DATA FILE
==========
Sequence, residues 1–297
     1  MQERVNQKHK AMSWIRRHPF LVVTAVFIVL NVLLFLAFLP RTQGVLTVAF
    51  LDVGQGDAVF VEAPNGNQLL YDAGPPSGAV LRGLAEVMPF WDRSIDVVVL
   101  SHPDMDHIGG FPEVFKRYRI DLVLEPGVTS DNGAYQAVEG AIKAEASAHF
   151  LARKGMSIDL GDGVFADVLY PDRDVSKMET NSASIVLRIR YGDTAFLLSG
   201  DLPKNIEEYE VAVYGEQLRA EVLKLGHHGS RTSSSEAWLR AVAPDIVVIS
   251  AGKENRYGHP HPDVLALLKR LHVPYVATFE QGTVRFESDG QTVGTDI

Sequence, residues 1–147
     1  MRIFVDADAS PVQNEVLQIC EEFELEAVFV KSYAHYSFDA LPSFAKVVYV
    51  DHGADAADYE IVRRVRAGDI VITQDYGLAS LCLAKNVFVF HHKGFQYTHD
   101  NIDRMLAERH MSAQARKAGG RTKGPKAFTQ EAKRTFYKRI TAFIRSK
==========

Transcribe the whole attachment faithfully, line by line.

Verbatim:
Sequence, residues 1–297
     1  MQERVNQKHK AMSWIRRHPF LVVTAVFIVL NVLLFLAFLP RTQGVLTVAF
    51  LDVGQGDAVF VEAPNGNQLL YDAGPPSGAV LRGLAEVMPF WDRSIDVVVL
   101  SHPDMDHIGG FPEVFKRYRI DLVLEPGVTS DNGAYQAVEG AIKAEASAHF
   151  LARKGMSIDL GDGVFADVLY PDRDVSKMET NSASIVLRIR YGDTAFLLSG
   201  DLPKNIEEYE VAVYGEQLRA EVLKLGHHGS RTSSSEAWLR AVAPDIVVIS
   251  AGKENRYGHP HPDVLALLKR LHVPYVATFE QGTVRFESDG QTVGTDI

Sequence, residues 1–147
     1  MRIFVDADAS PVQNEVLQIC EEFELEAVFV KSYAHYSFDA LPSFAKVVYV
    51  DHGADAADYE IVRRVRAGDI VITQDYGLAS LCLAKNVFVF HHKGFQYTHD
   101  NIDRMLAERH MSAQARKAGG RTKGPKAFTQ EAKRTFYKRI TAFIRSK